Just days from potentially making the most important decision of his NBA career, Mason Plumlee isn’t holed up with his agent, weighing financial pros and cons or preferred destinations.
He’s in fact doing the opposite, spending his days in a gym in the middle of nowhere, all the way across the world, with kids who likely have never heard his name – not because Plumlee is a fringe NBA player, but because basketball still has a considerable distance to go in terms of participation and following in the UAE.
Yet here’s Plumlee, hosting a basketball camp in collaboration with Duplays and East Sports Management at GEMS Wellington Al Khail, despite the NBA’s free agency period beginning on Saturday.
For the first time in his career, the 27-year-old will be a free agent, albeit a restricted one whose rights are still held by the incumbent Denver Nuggets.
Business, however, appears to be far from Plumlee’s mind as the 6’11” big man towers over a group of kids aged eight to 16, leading them through various drills and mini-games at his camp, which concludes with its second and final day today.
This isn’t the first time Plumlee has visited Dubai. Back in 2011, as a fresh-faced 21-year-old, he made the trip with Duke University to take on the UAE national team.
Six years later, he’s noticed basketball’s slow, but steady development in the region.
“I’ll tell you what, at the grassroots level it’s a lot better than I expected,” Plumlee tells Sport360°. “I know we played the national team when I came with Duke University, but the kids here are very good and they love the game, so it’s fun to have a camp with them.
“I think there’s no limit. The biggest thing is you have to get the kids playing and you have to give them instructions and fundamentals. As the game grows – the NBA has grown the game in a lot of other countries – I think this area is next on that list.
“If you can teach the game at a young age, then they can improve upon what they’ve learned.”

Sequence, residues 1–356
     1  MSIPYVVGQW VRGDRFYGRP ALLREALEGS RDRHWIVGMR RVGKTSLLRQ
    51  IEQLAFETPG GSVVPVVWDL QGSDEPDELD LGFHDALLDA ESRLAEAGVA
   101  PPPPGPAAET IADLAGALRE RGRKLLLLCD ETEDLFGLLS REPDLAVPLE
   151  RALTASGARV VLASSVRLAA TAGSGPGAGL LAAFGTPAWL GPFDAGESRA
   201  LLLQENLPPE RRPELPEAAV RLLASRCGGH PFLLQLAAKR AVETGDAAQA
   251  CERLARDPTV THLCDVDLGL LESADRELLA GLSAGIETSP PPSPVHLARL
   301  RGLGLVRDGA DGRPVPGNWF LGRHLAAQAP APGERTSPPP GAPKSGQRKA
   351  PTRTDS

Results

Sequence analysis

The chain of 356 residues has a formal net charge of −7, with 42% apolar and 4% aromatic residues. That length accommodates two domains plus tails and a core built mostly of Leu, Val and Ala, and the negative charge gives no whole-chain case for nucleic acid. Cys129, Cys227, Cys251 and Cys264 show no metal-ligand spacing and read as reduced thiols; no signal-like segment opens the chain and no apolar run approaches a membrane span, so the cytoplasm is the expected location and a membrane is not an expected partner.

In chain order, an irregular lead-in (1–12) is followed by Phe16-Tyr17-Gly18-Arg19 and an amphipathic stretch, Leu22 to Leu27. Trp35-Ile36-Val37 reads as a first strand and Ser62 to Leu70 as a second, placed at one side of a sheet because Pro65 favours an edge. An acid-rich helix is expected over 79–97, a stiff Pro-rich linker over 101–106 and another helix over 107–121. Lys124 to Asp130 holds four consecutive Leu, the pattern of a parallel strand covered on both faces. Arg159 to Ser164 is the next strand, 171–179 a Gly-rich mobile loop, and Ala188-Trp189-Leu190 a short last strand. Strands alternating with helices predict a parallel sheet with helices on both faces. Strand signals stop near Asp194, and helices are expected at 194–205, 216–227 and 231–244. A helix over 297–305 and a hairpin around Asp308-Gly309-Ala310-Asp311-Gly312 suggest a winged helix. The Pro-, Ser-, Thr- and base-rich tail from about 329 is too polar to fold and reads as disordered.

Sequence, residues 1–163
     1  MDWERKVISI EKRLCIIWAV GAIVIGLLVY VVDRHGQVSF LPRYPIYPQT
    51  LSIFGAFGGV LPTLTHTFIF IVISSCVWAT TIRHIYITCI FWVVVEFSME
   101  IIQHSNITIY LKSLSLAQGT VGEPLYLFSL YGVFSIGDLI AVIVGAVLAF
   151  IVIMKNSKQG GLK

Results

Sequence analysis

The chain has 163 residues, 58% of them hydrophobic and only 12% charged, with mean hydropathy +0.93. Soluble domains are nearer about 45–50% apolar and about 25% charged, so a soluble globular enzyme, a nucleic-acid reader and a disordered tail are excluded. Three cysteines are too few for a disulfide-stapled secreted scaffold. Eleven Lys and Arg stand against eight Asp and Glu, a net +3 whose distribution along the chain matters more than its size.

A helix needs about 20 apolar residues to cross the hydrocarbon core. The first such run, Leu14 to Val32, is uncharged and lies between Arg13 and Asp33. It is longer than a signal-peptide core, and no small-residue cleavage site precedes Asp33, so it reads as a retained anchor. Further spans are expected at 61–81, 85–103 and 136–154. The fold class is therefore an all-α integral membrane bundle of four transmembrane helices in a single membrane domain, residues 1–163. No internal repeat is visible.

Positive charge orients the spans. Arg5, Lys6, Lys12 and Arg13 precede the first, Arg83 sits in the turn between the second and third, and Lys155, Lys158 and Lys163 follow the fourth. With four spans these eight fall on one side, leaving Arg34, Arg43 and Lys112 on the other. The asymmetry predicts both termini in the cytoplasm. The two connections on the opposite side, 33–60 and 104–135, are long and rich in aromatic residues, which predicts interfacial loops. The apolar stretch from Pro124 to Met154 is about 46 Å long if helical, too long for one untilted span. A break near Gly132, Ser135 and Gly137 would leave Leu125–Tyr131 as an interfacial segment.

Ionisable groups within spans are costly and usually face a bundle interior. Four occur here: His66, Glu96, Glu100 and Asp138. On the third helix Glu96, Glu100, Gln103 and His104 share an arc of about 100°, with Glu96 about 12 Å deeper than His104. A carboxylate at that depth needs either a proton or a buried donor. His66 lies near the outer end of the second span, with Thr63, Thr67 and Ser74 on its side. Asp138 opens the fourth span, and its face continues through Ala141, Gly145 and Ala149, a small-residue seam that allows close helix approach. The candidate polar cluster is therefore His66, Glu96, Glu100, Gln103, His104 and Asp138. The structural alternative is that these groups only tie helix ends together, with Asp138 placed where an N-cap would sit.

That’s the exact aim of Plumlee’s camp. The kids learn how to dribble, pass, take layups and other basic skills that serve as the foundation for any advanced training.
As educational as it is, the children have more than their fair share of fun, at times going at Plumlee before learning a lesson that many guards in the NBA can relate to – challenging a 7-footer is easier said than done.
Eight-year-old Maya Bitar had the right idea, figuring out how “to get closer to the net to shoot”, while her friend, Zuhair Abu Aysha, also aged eight, described his favourite part as “learning how to do the shots and passing”.
Abu Aysha typically participates in taekwondo and swimming, but after spending four hours on the court with an NBA player, he says he’ll now play more basketball.
That’s Plumlee’s ambition at the end of the day – a greater love and appreciation for the game. That’s also something the NBA want, with the league potentially bring an exhibition game to Dubai in two to three years, according to Ben Morel, senior vice president and managing director of Europe, Middle East and Africa (MENA).
“I think it would be great for the area and great for the game,” Plumlee says of the prospect. “If you can see the premium product, which is the NBA – it’s the best league in the world – if it has the chance to come here I think fans would turn out and I think we’d get a lot of good feedback from the people here if they’re able to see the game.”
That’s something to think about for another day, as is a new contract for Plumlee.
For now, a giant among children is happy to share his own passion, with the hope it’s contagious.